Robert Pritchard .... sound recordist / sound (15 episodes, 1953-1954)
 
Series Special Effects by
Ira Anderson Jr. .... special effects (26 episodes, 1953-1954)
Jack R. Glass .... special photographic effects / photographic effects (21 episodes, 1952-1953)

Bob Overbeck .... special effects (unknown episodes)
 
Series Costume and Wardrobe Department
Albert Deano .... wardrobe (48 episodes, 1952-1954)
 
Series Editorial Department
Otho Lovering .... supervising editor (22 episodes, 1952-1953)
 
Series Music Department
Grace Merrick .... composer: theme music (20 episodes, 1953-1954)
Mahlon Merrick .... composer: theme music (20 episodes, 1953-1954)
 
Series Other crew
Milt Bronson .... dialogue director (14 episodes, 1953-1954)
Eugene S. Kelley .... set supervisor (4 episodes, 1953-1954)
 

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Additional Details

Also Known As:
Runtime:
25 min (52 episodes)
Country:
Language:
Aspect Ratio:
1.33 : 1 See more »
Sound Mix:
Mono (Western Electric Recording)
Certification:

Did You Know?

Trivia:
In the first season, Bud Abbott and Lou Costello had a pet chimp named Bingo the Chimp. Costello didn't particularly like Bingo and apparently Bingo sensed it, because while they were filming a scene one day, Bingo turned and bit him. Costello demanded that Bingo be fired, and since his company was producing the show, Bingo was gone the next week and was never mentioned in the series again.See more »
Quotes:
[Mr. Davis walks into bedroom, crash is heard, and Abbott looks in]
Sidney:What's wrong?
Bud Abbott:No floor.
See more »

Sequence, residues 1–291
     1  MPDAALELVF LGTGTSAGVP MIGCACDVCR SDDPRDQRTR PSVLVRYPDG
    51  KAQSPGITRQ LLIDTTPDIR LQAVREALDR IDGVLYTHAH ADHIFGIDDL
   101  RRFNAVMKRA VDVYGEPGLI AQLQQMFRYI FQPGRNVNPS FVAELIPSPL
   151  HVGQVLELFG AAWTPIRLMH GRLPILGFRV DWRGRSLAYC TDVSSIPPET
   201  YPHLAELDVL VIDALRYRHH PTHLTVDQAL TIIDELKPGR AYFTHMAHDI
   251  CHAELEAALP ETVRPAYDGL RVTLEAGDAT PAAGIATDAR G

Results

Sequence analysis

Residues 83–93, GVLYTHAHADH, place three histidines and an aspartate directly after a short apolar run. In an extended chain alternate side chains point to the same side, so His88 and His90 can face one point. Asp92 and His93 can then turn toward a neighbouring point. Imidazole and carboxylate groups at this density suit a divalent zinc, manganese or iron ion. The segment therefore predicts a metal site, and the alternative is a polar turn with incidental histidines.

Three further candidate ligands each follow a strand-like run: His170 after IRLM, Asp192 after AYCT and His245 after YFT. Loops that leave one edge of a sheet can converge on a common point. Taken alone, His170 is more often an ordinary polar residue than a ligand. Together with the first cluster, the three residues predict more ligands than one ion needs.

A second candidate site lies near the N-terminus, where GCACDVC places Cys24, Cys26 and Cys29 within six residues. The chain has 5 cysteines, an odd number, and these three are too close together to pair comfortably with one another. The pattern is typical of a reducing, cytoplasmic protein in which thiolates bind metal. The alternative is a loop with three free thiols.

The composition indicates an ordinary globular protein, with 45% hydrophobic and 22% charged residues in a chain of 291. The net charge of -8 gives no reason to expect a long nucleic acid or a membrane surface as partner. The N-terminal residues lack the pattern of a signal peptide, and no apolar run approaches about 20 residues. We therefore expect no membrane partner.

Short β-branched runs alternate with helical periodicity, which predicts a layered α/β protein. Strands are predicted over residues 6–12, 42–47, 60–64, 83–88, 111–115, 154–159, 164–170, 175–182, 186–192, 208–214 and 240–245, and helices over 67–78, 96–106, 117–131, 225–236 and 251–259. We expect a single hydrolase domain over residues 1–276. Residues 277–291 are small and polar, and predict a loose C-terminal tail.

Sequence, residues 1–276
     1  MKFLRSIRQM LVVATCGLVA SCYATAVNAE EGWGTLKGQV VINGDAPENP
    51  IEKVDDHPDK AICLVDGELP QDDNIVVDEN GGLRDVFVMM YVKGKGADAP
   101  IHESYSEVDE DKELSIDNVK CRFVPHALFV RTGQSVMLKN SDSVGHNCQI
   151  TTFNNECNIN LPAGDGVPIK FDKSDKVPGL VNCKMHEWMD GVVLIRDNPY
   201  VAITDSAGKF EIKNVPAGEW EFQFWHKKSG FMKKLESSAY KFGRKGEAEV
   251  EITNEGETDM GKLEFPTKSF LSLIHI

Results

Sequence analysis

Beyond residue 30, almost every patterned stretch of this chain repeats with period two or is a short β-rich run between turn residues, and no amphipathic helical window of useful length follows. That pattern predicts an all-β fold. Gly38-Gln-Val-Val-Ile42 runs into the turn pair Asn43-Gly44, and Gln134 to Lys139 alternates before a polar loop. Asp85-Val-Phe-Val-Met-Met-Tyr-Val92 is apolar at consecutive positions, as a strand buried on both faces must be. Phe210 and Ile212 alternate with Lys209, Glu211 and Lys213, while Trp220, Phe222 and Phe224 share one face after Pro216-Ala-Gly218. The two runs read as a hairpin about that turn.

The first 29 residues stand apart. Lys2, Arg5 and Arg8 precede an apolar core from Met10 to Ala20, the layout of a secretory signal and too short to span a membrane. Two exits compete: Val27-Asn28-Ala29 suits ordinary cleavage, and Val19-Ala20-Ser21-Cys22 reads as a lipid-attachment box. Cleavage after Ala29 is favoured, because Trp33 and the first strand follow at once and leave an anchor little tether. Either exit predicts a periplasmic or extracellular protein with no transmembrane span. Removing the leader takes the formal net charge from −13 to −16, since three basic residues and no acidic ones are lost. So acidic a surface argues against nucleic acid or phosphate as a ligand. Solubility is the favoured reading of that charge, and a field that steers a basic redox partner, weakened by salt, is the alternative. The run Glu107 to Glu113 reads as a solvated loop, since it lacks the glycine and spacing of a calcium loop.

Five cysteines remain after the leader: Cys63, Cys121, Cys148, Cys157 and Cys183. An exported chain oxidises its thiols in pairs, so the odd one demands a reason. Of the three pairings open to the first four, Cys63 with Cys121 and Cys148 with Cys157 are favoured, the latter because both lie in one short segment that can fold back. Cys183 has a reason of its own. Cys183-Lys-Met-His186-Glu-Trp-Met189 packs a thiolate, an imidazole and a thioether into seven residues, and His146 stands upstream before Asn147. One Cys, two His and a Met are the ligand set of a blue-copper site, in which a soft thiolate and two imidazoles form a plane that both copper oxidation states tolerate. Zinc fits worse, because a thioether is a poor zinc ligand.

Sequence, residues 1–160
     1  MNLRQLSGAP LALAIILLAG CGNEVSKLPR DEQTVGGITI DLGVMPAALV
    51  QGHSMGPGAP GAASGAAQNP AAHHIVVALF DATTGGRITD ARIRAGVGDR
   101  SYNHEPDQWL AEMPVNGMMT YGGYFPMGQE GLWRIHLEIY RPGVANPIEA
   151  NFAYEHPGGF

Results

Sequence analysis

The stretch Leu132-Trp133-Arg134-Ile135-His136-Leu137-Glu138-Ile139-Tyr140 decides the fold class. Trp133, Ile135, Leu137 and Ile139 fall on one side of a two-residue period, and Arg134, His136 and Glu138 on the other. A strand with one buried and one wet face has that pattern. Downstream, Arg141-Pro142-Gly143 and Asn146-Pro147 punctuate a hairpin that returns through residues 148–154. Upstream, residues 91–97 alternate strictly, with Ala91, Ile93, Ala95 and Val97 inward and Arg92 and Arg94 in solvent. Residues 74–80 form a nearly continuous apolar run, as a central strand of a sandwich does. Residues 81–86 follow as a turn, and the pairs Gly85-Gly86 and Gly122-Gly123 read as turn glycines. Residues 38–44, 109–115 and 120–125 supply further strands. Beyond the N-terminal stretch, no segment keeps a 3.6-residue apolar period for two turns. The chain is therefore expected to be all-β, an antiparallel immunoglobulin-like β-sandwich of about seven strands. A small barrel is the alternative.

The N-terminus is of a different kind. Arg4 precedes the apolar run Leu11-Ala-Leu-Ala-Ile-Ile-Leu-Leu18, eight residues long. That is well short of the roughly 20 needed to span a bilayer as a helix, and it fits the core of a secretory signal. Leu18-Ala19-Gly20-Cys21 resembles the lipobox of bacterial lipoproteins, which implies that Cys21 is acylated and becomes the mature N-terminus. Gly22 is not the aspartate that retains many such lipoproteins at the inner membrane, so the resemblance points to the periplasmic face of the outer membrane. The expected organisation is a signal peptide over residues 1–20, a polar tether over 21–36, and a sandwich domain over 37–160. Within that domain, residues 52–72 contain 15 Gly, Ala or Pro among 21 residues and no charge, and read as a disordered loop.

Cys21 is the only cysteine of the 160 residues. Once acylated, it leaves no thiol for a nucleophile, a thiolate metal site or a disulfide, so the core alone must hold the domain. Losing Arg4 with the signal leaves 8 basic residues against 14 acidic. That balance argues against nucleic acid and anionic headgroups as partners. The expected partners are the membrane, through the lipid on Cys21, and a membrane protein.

Movie Connections:

FAQ

This FAQ is empty. Add the first question.
11 out of 13 people found the following review useful.
All of the greatest Burlesque routines done for the ages, 4 August 2004
Author: max von meyerling from New York

The raison d'etre of these 52 shows is the desire of Lou Costello to leave behind definitive versions of all of their burlesque and vaudeville routines. Most of these were not original, some having circulated since Plautus. Floogle Street (also known, incorrectly, as the Susquehanna Hat Company), Crazy House,

Niagara Falls (Slowly I Turn) were all such staples that every new burlesque comic was expected to know them in case they were needed to fill in at a moments notice. They were part of the stock repertoire. What Abbott and Costello did was present the absolute perfect version of each bit. It was this absolute perfection which caused them to rise to the very top of burlesque, and to, uniquely, make the transition to the mass medium of films.

They did these bits in their films but they were usually compromised by having plots and sub plots and romance and songs and whatever the studio executives or their agents (actually the same person) thought people who went to the movies wanted. Comparing their late films with the TV series is night and day. They look old and tired and out of shape in the films but crisp and perfectly timed on TV. The big difference with the TV series is that Lou Costello was in complete charge and did things his way. Absolutely the ne plus ultra of the burlesque comic genre, pardon my French.

One day the National Film Registry will have to list the entire series as a national treasure. Lou Costello was right and their act was for the ages and this black and white series preserves it perfectly. Meanwhile watch that bit again where Mr. Bacciagalupe (I still call my greengrocer Mr. Bacciagalupe) convinces Lou that two bananas are really three bananas. Also the routine where Abbott convinces Costello not to let Mike the Cop push them around which keeps getting Lou hit on the head which is so much like modern international politics that it's frightening.

P.S. Doing my Joe Besser ('Stinky') impression got me out of the draft.